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Old 12-10-2007, 09:47 AM
 
7,768 posts, read 9,716,589 times
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I know somewhere there was a post by someone who said they were thinking of going to see the Chronicles of Narnia until they heard about the Christian themes in it and then stated there's no way they'd go see it.

I know many people who said they wouldn't go to a movie that was veiled proselytizing.

Isn't this the same thing?

Sure everyone's entitled to see or not see what they choose, but for those that belittle the people who opt out of this one, do you criticize those who 'steer clear' of a Christian themed movie as well?

<I'd like to add that I know many atheists who saw Narnia and, for that matter, Passion of the Christ. I'm just making this post to see if you'd criticize someone for avoiding a Christian themed movie or is the 'ridiculous-ness' of this argument only one-sided>
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Old 12-10-2007, 10:28 AM
 
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Gosh, I'd never heard of anyone refusing to see Chronicles of Narnia because of Christian themes. That's just ridiculous to me, but to each his own, I guess.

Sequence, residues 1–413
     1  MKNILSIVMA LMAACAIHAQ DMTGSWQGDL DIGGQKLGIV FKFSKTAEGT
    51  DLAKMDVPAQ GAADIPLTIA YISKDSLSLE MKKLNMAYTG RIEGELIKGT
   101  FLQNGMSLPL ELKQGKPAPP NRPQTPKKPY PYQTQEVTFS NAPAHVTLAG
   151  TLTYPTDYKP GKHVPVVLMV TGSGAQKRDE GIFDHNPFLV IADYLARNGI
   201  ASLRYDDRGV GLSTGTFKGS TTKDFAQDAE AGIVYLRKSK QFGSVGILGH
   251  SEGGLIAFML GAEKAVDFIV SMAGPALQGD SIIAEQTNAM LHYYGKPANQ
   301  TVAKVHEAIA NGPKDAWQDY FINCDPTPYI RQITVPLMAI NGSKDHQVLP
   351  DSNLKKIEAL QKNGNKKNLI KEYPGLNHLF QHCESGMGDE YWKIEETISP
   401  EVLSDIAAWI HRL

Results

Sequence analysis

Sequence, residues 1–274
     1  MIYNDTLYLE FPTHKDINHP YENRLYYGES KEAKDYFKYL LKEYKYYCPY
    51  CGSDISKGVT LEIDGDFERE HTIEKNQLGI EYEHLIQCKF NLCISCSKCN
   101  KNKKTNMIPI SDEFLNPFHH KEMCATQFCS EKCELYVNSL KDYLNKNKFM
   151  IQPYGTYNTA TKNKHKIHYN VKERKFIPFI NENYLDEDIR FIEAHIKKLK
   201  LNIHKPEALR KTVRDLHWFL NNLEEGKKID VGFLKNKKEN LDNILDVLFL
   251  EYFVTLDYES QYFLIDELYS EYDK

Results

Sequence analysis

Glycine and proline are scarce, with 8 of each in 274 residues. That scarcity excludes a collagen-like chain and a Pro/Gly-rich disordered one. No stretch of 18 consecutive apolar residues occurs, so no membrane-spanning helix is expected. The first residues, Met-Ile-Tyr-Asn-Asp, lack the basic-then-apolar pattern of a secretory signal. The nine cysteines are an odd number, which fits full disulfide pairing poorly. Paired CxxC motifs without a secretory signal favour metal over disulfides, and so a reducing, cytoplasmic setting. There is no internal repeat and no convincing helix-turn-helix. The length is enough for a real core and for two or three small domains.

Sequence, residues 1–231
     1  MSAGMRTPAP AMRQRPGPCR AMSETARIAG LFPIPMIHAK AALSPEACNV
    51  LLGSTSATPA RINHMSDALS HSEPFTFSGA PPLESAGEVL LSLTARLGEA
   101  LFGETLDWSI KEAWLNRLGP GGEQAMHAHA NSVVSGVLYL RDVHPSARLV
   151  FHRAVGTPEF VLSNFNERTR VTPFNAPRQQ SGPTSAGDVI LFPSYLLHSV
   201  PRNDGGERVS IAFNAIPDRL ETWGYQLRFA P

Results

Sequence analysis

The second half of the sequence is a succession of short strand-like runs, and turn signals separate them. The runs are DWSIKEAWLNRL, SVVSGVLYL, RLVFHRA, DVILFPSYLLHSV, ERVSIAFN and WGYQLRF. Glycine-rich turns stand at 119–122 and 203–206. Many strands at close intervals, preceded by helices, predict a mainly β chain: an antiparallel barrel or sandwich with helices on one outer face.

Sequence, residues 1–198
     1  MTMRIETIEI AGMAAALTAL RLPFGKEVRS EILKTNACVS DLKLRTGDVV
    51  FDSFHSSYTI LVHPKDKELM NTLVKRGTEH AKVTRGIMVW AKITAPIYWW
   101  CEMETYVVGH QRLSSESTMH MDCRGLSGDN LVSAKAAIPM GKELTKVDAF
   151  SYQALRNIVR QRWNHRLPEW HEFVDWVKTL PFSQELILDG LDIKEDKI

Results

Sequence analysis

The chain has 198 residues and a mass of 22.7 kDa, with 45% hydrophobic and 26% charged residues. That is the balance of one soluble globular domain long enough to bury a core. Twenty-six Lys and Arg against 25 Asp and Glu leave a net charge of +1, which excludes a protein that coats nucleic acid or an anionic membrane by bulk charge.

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Old 12-10-2007, 10:30 AM
 
7,768 posts, read 9,716,589 times
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Quote:
Originally Posted by buildings_and_bridges View Post
Gosh, I'd never heard of anyone refusing to see Chronicles of Narnia because of Christian themes. That's just ridiculous to me, but to each his own, I guess.
It was here somewhere. I haven't tried to search it out, but I do remember reading it in a post here somewhere.
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Old 12-10-2007, 10:42 AM
 
2,955 posts, read 4,999,587 times
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Quote:
Originally Posted by Alpha8207 View Post
It was here somewhere. I haven't tried to search it out, but I do remember reading it in a post here somewhere.
I don't think I said that I would refuse to see Chronicles, but I did say that the Christian overtones (that are supposedly evident in the movie) bothered me and made me want to see it less.

I still probably would have seen it in the theater, but negative reviews (coupled with the Christianity) kept me away.

I will still see Chronicles on my small screen at some point, though. I loved the books too much as a child to actually boycott it.

However, if somebody did refuse to see Chronicles based on C.S. Lewis's Christian message, then it would be exactly the same as boycotting The Golden Compass based on the views of Philip Pullman.

I agree with buildings_and_bridges who stated that such a refusal is ridiculous.
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Old 12-10-2007, 11:41 AM